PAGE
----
Resume Tips: Referees Are Powerful Advocates of You

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Welcome to Part 5 of our Resume Tips:

Most companies will request referees. They may or may not approach them however you want to be ready for the instances they do approach them. Some companies move faster than others, so it’s best to be prepared. 

Choosing the right person as a referee

Your referees are contacted by a potential future employer to validate your skills, your experience, your cultural fit and willingness to work. They are an important step in securing your next role and you must select them with care. 

Your referees must be powerful advocates of you.

Referees respond to a series of questions around your willingness to take on extra responsibility, how you worked in a team, your performance and results. They could provide information on your adaptability, your flexibility, thirst for responsibility, your ability to receive feedback. They may even be asked to provide feedback on your areas of growth or development. All of these insights are valuable in the ‘reference check’ part of the recruitment process. Reference checkers are looking for information that will identify how well you will work in their business, what you will bring, what you need to be taught and how you will settle into the culture. As one of the final parts of the recruitment process, you may be the only person being reference checked, or there may be a few of you, who are tightly ranked as finalist for a role. So now you can see why it is so important to select your referees with care.

Who to pick as your referee

In the final stages of the hiring process, you may be asked to provide two or three referees. Always include at least one person who you have directly reported to, who can provide feedback on you as a person they managed regularly on their team. This referee will likely be the most important person to be contacted. They have a close working relationship with you so will be able to best answer questions regarding your on-the-job performance.

You can also include someone you reported to in a dotted line. That means they may not have managed you day to day, but they have worked with you indirectly or on a project, so can comment on your output, your team work, your leadership etc.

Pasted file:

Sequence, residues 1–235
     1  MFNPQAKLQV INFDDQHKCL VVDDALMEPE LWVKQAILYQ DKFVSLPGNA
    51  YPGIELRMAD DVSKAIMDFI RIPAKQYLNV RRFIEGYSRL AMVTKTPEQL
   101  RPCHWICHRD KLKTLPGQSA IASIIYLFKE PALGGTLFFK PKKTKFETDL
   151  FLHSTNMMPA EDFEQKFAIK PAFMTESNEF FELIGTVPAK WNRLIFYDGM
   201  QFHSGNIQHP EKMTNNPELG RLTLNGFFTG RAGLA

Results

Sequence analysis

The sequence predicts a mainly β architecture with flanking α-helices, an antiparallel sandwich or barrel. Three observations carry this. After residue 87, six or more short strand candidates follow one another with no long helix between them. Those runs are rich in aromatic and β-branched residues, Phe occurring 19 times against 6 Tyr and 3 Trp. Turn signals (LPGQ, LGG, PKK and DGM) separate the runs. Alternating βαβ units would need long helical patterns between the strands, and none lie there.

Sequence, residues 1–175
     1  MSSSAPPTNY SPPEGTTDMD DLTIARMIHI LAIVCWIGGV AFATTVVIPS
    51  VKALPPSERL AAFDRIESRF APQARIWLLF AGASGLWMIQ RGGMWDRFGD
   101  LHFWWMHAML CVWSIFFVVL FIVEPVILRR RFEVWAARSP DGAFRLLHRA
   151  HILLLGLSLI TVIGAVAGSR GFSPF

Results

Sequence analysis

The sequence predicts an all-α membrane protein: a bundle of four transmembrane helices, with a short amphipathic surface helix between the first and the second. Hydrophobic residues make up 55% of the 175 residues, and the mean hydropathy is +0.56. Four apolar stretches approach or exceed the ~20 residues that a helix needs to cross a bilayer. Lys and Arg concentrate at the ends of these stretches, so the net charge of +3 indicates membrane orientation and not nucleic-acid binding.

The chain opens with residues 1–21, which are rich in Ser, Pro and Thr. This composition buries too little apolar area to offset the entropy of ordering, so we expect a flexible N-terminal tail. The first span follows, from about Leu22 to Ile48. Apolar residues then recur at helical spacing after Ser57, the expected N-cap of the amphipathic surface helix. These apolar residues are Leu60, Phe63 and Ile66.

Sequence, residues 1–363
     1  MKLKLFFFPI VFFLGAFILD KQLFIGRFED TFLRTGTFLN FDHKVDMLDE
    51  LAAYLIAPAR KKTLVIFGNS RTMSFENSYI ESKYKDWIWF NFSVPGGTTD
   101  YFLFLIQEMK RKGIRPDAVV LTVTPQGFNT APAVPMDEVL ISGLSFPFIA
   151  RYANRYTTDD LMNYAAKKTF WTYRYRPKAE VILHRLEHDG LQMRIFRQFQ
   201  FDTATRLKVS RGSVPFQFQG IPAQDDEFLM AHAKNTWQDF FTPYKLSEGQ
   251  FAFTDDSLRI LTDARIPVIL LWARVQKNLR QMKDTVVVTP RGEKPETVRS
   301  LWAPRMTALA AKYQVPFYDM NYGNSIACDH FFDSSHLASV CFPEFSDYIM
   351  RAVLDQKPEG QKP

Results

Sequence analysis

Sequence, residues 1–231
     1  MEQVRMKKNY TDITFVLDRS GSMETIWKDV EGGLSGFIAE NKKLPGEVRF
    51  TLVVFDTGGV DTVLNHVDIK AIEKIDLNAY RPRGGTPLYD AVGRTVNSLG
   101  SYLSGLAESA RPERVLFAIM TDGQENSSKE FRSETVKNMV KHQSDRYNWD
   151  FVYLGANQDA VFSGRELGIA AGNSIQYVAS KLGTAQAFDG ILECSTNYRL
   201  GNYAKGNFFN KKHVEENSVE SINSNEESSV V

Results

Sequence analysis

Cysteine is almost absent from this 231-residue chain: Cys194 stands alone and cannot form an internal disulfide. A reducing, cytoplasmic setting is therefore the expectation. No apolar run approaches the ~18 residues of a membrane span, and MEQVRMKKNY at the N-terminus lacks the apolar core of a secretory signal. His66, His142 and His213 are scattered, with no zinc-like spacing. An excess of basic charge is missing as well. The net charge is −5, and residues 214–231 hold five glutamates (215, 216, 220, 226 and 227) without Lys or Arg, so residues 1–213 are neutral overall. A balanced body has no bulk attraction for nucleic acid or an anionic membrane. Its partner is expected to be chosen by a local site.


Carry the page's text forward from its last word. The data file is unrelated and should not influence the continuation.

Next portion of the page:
Who to avoid as a referee

If you are unsure about using someone as a referee either talk to them to clarify any concerns you may have. If in doubt exclude them. A bad referee will not present you in a good light and will very likely limit you chances of a job offer. 

Contacting your referees

When you have decided on your referees, it’s good manners to let them know they may be contacted by a certain company. If possible, let your referees know the name of the company, the name of the person who may be contacting them, how they may contact them (phone or email) and if at all possible, share some key requirements of the role. If your referee can talk to some of these key points when contacted,  they will further demonstrate why you are the right person for the job. 

Pre-written references:

Pre-written reference aren’t very common these days. If you have pre-written reference I’d recommend including it with your original application for the role. It is always warming to read positive recommendations from previous employers. They must be current in order to be regarded as relevant, so ensure they are from one of your more recent roles. If the reference comes from one of the referees listed on your resumes, they most likely will still be contacted to validate authenticity, so again ensure they are prepared.

That concludes our Resume Tips Series. If you found it helpful, or would like add your thoughts please post a comment below.

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